Why does he want to pursue a relationship with young broke women?  

There’s an undeniable power imbalance within these arrangements – the woman is younger and financially dependent on an older man who has a stable and expendable income.  

“You’re receiving money and it feels a little bit non-consensual”

Consider the wider social and societal implications of these relationships and the traditional gender stereotypes they are mirroring. 

Like Amelia, she explains how she feels uncomfortable doing this form of online sex work. 

“You’re receiving money and it feels a little bit non-consensual… Like you wouldn’t meet them unless there was money there… it just feels wrong,” explains Sophie. 

“It’s not just about sex… he wanted to know everything about me.  

“Sometimes men just need a companion and someone to talk to, and talking to younger women makes them feel excited and young again.” 

This man was married and had a family, and yet his emotional needs were not being met.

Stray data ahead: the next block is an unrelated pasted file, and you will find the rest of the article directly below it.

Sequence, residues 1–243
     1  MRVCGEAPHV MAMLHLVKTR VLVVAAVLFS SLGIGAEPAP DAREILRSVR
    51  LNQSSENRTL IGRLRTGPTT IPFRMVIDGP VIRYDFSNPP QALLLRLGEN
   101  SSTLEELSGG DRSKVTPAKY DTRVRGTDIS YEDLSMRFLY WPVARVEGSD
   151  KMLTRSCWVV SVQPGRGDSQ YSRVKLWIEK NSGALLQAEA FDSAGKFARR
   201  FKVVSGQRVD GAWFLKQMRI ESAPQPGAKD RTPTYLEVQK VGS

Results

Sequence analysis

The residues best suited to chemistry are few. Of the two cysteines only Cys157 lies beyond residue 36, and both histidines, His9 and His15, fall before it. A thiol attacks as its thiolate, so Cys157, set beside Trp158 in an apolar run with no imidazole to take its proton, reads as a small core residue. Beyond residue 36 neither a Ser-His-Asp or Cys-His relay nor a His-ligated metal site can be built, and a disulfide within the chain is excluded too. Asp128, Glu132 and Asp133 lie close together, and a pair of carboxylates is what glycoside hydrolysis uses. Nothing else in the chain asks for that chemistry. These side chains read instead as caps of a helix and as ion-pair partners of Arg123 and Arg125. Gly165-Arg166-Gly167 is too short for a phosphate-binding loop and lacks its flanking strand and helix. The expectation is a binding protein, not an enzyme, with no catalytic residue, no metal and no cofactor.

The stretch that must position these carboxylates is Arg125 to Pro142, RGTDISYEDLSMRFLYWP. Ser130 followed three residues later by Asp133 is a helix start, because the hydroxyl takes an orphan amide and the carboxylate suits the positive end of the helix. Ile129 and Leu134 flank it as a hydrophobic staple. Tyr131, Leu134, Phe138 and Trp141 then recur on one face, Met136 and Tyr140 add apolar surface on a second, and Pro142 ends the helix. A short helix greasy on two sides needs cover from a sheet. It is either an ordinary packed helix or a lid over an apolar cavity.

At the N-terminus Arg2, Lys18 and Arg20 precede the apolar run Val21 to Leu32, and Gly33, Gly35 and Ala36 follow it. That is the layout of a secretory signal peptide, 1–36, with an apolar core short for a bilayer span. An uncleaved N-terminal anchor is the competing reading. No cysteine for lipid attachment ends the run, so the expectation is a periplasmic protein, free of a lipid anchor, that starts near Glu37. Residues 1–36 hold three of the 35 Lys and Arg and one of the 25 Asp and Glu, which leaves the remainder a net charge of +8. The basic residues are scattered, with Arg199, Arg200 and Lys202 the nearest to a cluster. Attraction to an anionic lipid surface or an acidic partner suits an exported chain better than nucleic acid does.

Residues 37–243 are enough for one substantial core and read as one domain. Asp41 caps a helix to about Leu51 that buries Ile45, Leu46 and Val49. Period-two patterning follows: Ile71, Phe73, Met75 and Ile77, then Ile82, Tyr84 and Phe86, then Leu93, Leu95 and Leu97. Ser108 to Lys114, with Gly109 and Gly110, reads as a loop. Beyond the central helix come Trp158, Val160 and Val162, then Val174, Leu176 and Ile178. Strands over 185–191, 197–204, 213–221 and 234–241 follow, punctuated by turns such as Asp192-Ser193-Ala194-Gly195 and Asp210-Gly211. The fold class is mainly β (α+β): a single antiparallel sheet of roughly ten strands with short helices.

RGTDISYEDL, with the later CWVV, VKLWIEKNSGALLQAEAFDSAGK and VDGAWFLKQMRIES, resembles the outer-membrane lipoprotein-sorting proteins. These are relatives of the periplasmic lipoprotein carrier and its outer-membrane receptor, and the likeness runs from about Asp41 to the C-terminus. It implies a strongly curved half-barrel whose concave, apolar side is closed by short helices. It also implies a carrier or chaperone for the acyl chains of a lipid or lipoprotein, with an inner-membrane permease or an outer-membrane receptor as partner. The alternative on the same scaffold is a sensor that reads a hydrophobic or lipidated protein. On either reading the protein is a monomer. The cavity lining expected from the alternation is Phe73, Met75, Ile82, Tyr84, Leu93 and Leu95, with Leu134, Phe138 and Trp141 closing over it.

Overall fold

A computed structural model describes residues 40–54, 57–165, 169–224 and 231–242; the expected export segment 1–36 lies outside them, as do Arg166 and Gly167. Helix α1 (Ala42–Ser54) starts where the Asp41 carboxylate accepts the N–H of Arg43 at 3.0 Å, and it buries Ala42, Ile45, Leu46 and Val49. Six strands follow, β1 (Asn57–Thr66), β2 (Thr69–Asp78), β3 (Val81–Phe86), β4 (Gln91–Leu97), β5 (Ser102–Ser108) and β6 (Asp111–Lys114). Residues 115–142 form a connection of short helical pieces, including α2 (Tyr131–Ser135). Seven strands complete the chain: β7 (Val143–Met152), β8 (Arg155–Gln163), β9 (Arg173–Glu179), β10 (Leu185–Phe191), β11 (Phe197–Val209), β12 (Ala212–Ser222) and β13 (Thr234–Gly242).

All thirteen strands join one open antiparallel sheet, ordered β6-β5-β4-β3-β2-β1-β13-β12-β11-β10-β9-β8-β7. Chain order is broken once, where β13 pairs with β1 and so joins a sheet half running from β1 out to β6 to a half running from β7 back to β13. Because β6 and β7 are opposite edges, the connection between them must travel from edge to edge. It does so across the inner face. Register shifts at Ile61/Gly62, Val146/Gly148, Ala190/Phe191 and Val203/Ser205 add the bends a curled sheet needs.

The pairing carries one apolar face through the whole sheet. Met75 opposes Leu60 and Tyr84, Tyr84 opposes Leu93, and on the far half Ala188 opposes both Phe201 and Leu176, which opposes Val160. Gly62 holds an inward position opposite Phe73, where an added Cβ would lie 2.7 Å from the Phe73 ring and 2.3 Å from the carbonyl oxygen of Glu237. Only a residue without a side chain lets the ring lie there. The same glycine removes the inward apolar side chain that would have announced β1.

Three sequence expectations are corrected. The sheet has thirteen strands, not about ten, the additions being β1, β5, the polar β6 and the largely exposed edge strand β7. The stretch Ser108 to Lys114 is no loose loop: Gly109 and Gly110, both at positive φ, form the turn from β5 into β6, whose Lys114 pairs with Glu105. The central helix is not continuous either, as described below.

Does this indicate the effects of toxic masculinity, men only being able to open up to someone anonymous and outside of their daily lives?  

Or is he simply one bad apple, cheating on his wife? 

Our fake profile proves Sophie’s customer is not an anomaly. 

We reached out to Seeking Arrangements inviting them to comment on what we had found.  

They did not respond. 

Exchanging explicit pictures for money is common on other dating sites too, such as Grindr, a dating app for LGBTQ+ people.  

“I know loads of people selling pictures on Grindr, all students”

Tom, a 21-year-old student at the University of Nottingham, sold a nude photograph for £50 using the site because it was “easy money”, and he was “bored”.